Monthly Archives: April 2007

Protecting fetuses only goes so far

Johns Hopkins Bloomberg School of Public Health released details of a study that found two pervasive man made chemicals in 100% of umbilical cord samples tested.

These compounds, PFOS and PFOA, are >not new to this blog. They are industrial chemicals that are used in making Teflon, used in packaging materials, and apparently are pumped into the environment and in our food in alarming amounts. These chemicals have “known to cause tumors and developmental problems in laboratory animals” according to the Johns Hopkins press release, although “more study is needed to understand health effects at these lower exposure levels.”

Ya know, you would think that more study would be needed before these compounds became so pervasive that they are found in 100% of umbilical cord samples. But, we all know it’s the natural medicine industry that is unregulated.


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Formula – now, with added hormones!

The Independent:

Scientist create ‘anti-obesity’ infant formula

By John von Radowitz, PA Science Correspondent

Published: 23 April 2007

Scientists are developing an infant formula designed to be given to babies to prevent them growing up fat, it was revealed today.

The controversial research aims to supplement baby milk with a hormone that suppresses hunger.

Animal studies suggest early exposure to the hormone leptin can programme the brain to prevent over-eating throughout life.

But fears have been raised about the safety of tampering with the brains of babies in such a fundamental way.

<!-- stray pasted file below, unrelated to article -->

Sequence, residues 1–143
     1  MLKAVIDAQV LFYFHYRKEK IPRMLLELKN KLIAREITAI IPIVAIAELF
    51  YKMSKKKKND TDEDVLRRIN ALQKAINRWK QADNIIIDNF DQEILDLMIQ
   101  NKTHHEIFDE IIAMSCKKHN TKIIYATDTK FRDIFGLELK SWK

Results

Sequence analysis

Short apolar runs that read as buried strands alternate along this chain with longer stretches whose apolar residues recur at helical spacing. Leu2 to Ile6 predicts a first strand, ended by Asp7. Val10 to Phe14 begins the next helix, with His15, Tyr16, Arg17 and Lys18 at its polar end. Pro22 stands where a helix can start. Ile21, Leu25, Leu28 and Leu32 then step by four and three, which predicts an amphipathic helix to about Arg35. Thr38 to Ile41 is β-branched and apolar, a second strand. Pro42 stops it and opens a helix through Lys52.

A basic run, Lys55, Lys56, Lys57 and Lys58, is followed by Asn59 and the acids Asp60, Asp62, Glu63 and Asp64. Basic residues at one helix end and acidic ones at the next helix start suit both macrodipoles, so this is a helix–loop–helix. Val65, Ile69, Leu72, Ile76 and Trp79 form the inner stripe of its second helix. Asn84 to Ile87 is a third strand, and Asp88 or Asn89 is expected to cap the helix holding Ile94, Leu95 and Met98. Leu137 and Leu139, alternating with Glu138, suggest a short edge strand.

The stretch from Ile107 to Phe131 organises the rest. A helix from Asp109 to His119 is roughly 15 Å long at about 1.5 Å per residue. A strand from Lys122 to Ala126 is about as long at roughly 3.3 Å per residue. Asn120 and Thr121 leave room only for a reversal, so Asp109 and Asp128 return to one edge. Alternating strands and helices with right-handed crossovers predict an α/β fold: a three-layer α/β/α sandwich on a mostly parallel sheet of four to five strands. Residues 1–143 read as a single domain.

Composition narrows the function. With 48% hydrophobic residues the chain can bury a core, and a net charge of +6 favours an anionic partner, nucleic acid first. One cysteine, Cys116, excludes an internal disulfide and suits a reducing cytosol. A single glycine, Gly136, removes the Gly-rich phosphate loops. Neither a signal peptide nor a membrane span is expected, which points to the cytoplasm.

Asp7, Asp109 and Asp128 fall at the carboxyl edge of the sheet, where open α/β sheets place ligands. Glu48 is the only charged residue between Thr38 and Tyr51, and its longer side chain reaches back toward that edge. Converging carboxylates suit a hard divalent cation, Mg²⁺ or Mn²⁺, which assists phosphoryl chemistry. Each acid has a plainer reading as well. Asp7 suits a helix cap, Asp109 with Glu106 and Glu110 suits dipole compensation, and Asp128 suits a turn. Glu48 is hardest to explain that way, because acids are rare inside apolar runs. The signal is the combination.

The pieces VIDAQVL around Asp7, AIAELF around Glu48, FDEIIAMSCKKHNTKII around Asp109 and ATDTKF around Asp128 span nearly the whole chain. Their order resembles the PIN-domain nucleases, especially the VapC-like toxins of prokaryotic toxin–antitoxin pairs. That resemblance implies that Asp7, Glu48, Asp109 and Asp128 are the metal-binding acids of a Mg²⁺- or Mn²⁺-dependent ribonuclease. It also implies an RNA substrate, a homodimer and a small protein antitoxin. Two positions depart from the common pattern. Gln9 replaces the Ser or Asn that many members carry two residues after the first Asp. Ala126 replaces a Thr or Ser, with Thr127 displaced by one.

The infant formula, together with other “child-friendly” leptin preparations, is being developed by Professor Mike Cawthorne, director of metabolic research at the Clore Laboratory, University of Buckingham.

Prof Cawthorne has already shown that giving rats leptin supplements early in life provides permanent protection against obesity and diabetes.

His study, published in the American Journal of Physiology, found even adult animals fed a high-fat diet remained slim.

Leptin is naturally produced throughout life. But the research suggests that in infancy it “hardwires” the body’s energy balance settings.

It may even determine whether someone is fat or thin before birth.

Feeding the hormone to pregnant rats seems to have a life-long impact on their offspring. Animals born of leptin-treated mothers remain lean, despite being fed a fat-laden diet. In contrast those whose mothers were untreated gain weight and develop diabetes.

Prof Cawthorne argues he is only giving babies what they would normally get anyway from their mothers’ milk.

“The supplemented milks are simply adding back something that was originally present,” he told Chemistry & Industry magazine, which reported on the research today. “Breast milk contains leptin and formula feeds don’t.”

Previous studies looking at the ability of leptin to reduce hunger in human volunteers have proved disappointing.

Prof Cawthorne believes this is because they involved adults, rather than infants. Leptin was only likely to leave its stamp on the malleable brains of babies.